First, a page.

Psychiatry and Public Affairs
Group for the Advancement of Psychiatry
This stimulating collection bears witness to the insight that psychiatrists, with their special training and background and concern for human relationships, can contribute solutions to major problems of public affairs and public policy. The contributors represent the summation and distillation of the best thinking of psychiatry's leaders. They represent a variety of experiences and viewpoints, making possible a many-faceted approach to problems of national and international concern.
Based on completely documented reports of individual members and symposium discussions, Psychiatry and Public Affairs examines four major areas of public interest: the social responsibility of psychiatry, emphasizing the psychiatric aspects of school desegregation; psychiatry's role in international relations and understanding cross-cultural communication and working abroad; studies of forceful indoctrination or "brainwashing" and the social and psychiatric implications of the threat of nuclear war.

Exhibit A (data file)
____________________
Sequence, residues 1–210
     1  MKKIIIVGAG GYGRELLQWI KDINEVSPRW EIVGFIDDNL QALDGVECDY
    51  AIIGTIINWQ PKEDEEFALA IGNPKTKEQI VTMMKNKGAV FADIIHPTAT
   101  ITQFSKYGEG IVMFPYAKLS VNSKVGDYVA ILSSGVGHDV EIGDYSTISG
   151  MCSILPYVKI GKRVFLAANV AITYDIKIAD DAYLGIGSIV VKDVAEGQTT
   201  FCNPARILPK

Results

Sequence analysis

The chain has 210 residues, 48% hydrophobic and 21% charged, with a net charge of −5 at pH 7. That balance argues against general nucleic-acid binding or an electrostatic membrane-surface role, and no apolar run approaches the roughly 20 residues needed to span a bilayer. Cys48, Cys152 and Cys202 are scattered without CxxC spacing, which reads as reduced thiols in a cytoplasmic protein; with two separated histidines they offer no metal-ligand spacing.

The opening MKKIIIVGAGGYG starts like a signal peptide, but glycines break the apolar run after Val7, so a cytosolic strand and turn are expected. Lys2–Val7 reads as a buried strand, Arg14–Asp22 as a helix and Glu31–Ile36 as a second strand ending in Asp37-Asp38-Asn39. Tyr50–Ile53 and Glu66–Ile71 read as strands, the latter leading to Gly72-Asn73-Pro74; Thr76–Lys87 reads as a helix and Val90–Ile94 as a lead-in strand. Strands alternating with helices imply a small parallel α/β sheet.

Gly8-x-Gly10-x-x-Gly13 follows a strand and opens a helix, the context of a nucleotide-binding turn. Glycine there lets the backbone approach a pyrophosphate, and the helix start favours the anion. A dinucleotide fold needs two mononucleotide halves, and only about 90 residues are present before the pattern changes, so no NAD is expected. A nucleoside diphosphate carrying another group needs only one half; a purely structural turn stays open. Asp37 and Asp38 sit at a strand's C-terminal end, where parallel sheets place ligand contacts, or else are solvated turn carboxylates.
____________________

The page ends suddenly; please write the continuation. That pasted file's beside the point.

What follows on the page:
Contributors and contributions included here are "Physical and Social Isolation," Jack Vernon; "Psychiatric Aspects of Chinese Thought Reform," Robert J. Lifton; "Patterns of Reactions to Severe Chronic Stress in American Army POWs to the Chinese," Edgar H. Schein; "The Coming Struggle for More Responsibility," Pare Lorentz; "Some Implications of the Fall-Out Problem," Maurice B. Visscher; "Psychological Aspects of the Nuclear Arms Race," Franklin C. McLean; "Solitary Confinement," Milton Meltzer; and "Sleep Deprivation," David Tyler. Psychiatry and Public Affairs explores ideas and problems on the advancing edge of psychiatry.
The Group for the Advancement of Psychiatry (GAP) envisages a continuing program of work according to the following aims: to collect and appraise significant data in the field of psychiatry, mental health, and human relations; to re-evaluate old concepts and to develop and test new ones; and to apply the knowledge thus obtained for the promotion of mental health in good human relations. Originally published in 1966, Psychiatry and Public Affairs documents the GAP's efforts.